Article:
By Ken Plotkin and David Reininger - Motorsport.com Indianapolis, IN, Aug 5, 2000 - Bobby Labonte won the seventh running of the Brickyard 400 at a record speed of 155.918 mph, beating Rusty Wallace in a wheel-to-wheel duel that left the rest...
By Ken Plotkin and David Reininger - Motorsport.com
Indianapolis, IN, Aug 5, 2000 - Bobby Labonte won the seventh running of the Brickyard 400 at a record speed of 155.918 mph, beating Rusty Wallace in a wheel-to-wheel duel that left the rest of the field trailing behind. Labonte's final margin of 4.2 seconds was the biggest gap between the two for the over 60 laps that they occupied first and second place. For most of the final quarter of the race, after final pit stops, the pair was tenths of a second apart and at least five seconds ahead of the next runner. It looked like Wallace was going to win, as Labonte tried looking underneath several times but could not get it done. Finally, on lap 146, Bobby set up on the inside at the end of the backstretch getting underneath in the north chute. They ran side by side down the front straight, touching fenders once, with Bobby finally clearing into the lead in Turn 1. Over the final fourteen laps Bobby extended his lead while Rusty battled with a car that was just a little too tight.
"To beat a great driver like Rusty Wallace, it's awesome," said Labonte in Victory Lane. "I've been close here, and it just came up this time. Rusty Wallace put up a great fight. I was better than him in Turn 2, and I could get by him. This is one of those races that you dream about. I've dreamed about it a long time. Tony Stewart, I'll remember that when I kiss those bricks they're Hoosier bricks."
"It's definitely a thrill. We've been close a couple of times. The car worked great all day. The only time we got below fifth was when we pitted and took four tires when the other guys took two. The car was flawless. We only adjusted air pressure all day." On his final pass of Wallace, he said "It's so hard to pass here. I was puckered up on that one because when we got to Turn 1 I wasn't sure what was going to happen."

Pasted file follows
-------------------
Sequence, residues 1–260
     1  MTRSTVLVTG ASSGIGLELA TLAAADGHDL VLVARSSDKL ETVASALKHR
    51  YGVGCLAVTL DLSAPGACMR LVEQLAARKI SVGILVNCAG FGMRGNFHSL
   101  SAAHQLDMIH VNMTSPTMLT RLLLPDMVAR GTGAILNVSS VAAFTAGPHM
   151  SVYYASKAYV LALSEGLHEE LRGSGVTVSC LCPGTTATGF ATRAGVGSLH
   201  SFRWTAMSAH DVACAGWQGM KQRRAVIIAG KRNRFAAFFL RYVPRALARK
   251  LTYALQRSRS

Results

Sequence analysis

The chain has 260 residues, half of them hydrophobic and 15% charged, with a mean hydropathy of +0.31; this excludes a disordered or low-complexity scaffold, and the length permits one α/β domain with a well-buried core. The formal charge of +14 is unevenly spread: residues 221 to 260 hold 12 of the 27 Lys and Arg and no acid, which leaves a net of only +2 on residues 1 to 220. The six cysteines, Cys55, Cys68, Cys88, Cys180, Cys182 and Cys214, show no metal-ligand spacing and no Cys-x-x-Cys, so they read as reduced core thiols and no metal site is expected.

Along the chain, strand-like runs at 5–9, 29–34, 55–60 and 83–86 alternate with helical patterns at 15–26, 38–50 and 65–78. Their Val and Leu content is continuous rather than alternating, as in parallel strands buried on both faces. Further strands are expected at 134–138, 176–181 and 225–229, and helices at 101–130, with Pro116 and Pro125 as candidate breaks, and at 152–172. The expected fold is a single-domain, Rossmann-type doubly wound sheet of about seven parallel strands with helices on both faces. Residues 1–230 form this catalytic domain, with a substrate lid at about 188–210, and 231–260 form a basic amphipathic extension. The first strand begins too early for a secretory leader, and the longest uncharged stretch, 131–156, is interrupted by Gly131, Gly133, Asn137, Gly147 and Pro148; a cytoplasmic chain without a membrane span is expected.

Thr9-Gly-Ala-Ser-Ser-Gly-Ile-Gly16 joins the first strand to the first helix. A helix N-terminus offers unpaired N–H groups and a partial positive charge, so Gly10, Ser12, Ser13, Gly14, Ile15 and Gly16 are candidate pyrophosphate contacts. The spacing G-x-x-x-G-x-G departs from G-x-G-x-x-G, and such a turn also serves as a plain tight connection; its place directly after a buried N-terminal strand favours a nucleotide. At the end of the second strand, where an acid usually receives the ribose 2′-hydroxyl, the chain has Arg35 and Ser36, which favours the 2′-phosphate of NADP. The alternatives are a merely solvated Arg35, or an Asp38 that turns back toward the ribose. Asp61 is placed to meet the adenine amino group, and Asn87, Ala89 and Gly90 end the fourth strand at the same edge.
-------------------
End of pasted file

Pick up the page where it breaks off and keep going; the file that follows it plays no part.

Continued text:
Rusty Wallace, who led 110 of the 160 laps, was disappointed with second. "I wanted to win this thing so bad for Roger, not really for myself, but for Roger. We almost won this thing three or four years ago...led all day long and finished second. Here we do it again. The Brickyard has been really good to me. I just have to bring the thing home." About the final pass, he said "That last set of tires was just too tight. Bobby caught me, got around me and I just couldn't do nothing with him at that point, but we had a great car all day long. Man it was flying."
Bill Elliott finished third after a solid run. "I was just happy to finish. We've had so much tragedy with this McDonald's team the last six to eight weeks. From our standpoint, it was a good day, and I think we can take this and turn this into turning around the second half of the season." Bill was never a factor in the Labonte-Wallace duel. "I never did see them. I knew they were up there somewhere. You can catch up, but once you get up there it still takes a lot of laps to pass. It's a tough track. We needed this for morale. We felt like we have a good race team. We've accomplished a lot."
Jerry Nadeau is on a hot streak. His fourth place finish today is his third top-ten finish of the 2000 season, all of which have come in the last five races. Nadeau tied his career best Winston Cup finish this afternoon, equaling the mark set just two races ago at New Hampshire.
"The guys did an awesome job today," said Nadeau, who has jumped four positions in the point standings in the last three races, from 29th to 25th. "We had the best pit crew today. They couldn't do anything wrong."
"We ran great all day. We were just tight. We made several adjustments to loosen it up. We were good when we were by ourselves, but when I got around other cars, we got tight. Later in the day, the track got tight too, and in traffic, I couldn't do anything."
"It would have been real nice to win the race, but we brought it home in one piece and got a top-five finish. I can't think of a better place to get a top-five finish right now."